From early youth to weary age, 
In all his earthly pilgrimage,
Shall truth. and guidance never part
From him, who hath the loving heart.

Christ in the Soul (1872) LIX.

Wednesday, August 17, 2016

Leave Everything in the Hands of God

It is a great and blessed privilege to leave every thing in the hands of God; to go forth like the patriarch Abraham, not knowing whither we go, but only knowing that God leads us. "BE CAREFUL FOR NOTHING; but in every thing, by prayer and supplication, with thanksgiving, let your requests be made known unto God." Philippians 4:6.

This is what is sometimes denominated walking in a "general and indistinct faith;" or walking in the "obscurity of faith," or in the "night of faith." Faith, in its relation to the subject of it, is truly a light in the soul; but it is a light which shines only upon duties, and not upon results or events. It tells us what is now to be done, but it does not tell us what is to follow. And accordingly it guides us but a single step at a time. And when we take that step, under the guidance of faith, we advance directly into a land of surrounding shadows and darkness. Like the patriarch Abraham, we go, not knowing whither we go, but only that God is with us.

Blessed and glorious way of living! Indeed, it is the only life worth possessing; the only true life. "Let the heathen rage, and the people imagine a vain thing;" let nations rise and fall; let the disturbed and tottering earth stand or perish; let God reveal to us the secret designs of his providence or not, it is all well. "Cast all your cares upon God, for he careth for you." Our heavenly Father is at the helm. The winds blow, the waves swell, the clouds gather around, but we sail in a strong vessel. There is no port at hand, and there is no sun or star to guide us. Faith, therefore, in the defect of all things else, must constitute our port and our anchor, our sun and our favoring breeze; but we have all that we can ask, in having perfect confidence in our great Commander. It is the blessed privilege of faith, even in our darkest and most disastrous moments, to assure us that we are safe, forever safe, in the mighty keeping of God's holy will.

— edited from The Interior or Hidden Life (2nd edition, 1844) Part 3, Chapter 9.

Tuesday, August 16, 2016

The Dangers of Seeking a Visible Answer

The system, which requires a present and visible or ascertained answer, in distinction from the system of faith, which believes that it has an answer, but does not require God to make it known, till he sees best to make it known, is full of danger. It tends to self-confidence, because it implies that we can command God, and make him unlock the secrets of his hidden counsels whenever we please. It tends to self-delusion, because we are always liable to mistake the workings of our own imaginations or our own feelings, or the intimations of Satan, for the true voice of God. It tends to cause jealousies and divisions in the church of Christ, because he, who supposes that he has a specific or known answer, which is the same, so far as it goes, as a specific revelation, is naturally bound and led by such supposition, and thus is oftentimes led to strike out a course for himself, which is at variance with the feelings and judgments of his brethren. Incalculable are the evils, which, in every age of the Christian history, have resulted from this source.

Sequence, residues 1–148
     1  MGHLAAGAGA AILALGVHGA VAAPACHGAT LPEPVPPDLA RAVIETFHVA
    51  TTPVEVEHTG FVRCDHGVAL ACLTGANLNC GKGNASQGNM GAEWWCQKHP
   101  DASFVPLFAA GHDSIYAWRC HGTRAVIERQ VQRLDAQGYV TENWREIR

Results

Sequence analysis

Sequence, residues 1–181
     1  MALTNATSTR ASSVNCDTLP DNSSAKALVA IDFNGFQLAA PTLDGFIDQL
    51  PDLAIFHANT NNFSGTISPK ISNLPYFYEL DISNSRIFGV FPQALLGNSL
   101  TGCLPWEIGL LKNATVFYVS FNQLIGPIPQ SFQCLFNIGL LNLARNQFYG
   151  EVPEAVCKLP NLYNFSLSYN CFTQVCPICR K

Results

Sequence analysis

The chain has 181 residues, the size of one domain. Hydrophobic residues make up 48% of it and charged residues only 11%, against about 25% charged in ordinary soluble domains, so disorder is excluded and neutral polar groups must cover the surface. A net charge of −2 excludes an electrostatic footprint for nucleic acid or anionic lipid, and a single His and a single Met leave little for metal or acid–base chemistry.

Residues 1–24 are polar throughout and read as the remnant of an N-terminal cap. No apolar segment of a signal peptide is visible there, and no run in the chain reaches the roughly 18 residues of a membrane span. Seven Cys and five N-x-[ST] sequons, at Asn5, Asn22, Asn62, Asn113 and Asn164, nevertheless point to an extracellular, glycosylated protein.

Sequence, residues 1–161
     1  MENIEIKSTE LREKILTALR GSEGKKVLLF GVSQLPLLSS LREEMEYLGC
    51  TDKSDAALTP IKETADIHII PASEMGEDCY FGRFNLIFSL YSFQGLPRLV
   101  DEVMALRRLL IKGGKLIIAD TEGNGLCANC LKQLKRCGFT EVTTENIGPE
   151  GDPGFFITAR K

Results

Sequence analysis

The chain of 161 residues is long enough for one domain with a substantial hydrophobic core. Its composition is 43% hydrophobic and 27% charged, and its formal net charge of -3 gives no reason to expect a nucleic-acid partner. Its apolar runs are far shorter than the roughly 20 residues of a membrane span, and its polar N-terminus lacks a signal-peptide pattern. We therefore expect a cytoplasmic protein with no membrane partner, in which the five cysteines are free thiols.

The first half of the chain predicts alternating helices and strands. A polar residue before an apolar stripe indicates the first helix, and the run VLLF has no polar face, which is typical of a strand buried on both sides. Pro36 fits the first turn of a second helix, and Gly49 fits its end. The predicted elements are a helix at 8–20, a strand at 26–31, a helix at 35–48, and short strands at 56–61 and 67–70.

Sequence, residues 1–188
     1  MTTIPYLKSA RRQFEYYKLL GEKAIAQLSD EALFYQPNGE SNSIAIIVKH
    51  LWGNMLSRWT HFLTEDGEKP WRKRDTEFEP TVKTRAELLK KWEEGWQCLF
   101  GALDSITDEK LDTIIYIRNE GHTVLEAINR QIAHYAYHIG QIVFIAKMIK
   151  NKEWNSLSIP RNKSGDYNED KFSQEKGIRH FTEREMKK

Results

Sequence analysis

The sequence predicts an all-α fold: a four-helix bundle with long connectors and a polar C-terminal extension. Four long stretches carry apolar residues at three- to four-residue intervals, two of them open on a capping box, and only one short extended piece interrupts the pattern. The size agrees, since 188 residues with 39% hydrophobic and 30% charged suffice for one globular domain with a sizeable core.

— edited from The Interior or Hidden Life (2nd edition, 1844) Part 3, Chapter 9.

Monday, August 15, 2016

Seeking Specific Answers to Prayer Undermines the Principle of Faith

A disposition to seek a specific, or rather a visible answer to our prayers, in distinction from an answer addressed to our faith, tends to weaken the principle of faith. The visible system, if we may be permitted so to call it, implies that we will trust God only so far as we can see him. It requires, as one may say, ready payment, cash in hand, a mortgage of real estate, something seen or tangible. It cannot live upon what it calls mere air; it is not disposed to trust any thing to a mere word, a mere promise, though it be the word or promise of the Almighty. Such, on a close examination, will be found to be the spirit of the specific or visible system; a system. which will answer, to some extent, in our intercourse with men, but not in our intercourse with God. It is easy to see, in addition to other evils resulting from it, that it is adverse to the growth of faith; which, in accordance with a well known law of our mental and religious nature, flourishes by exercise, and withers by repression. If the system, which is not satisfied without seeing or knowing, should prevail generally, faith would necessarily be banished from the world, and God would be banished with it.

— edited from The Interior or Hidden Life (2nd edition, 1844) Part 3, Chapter 9.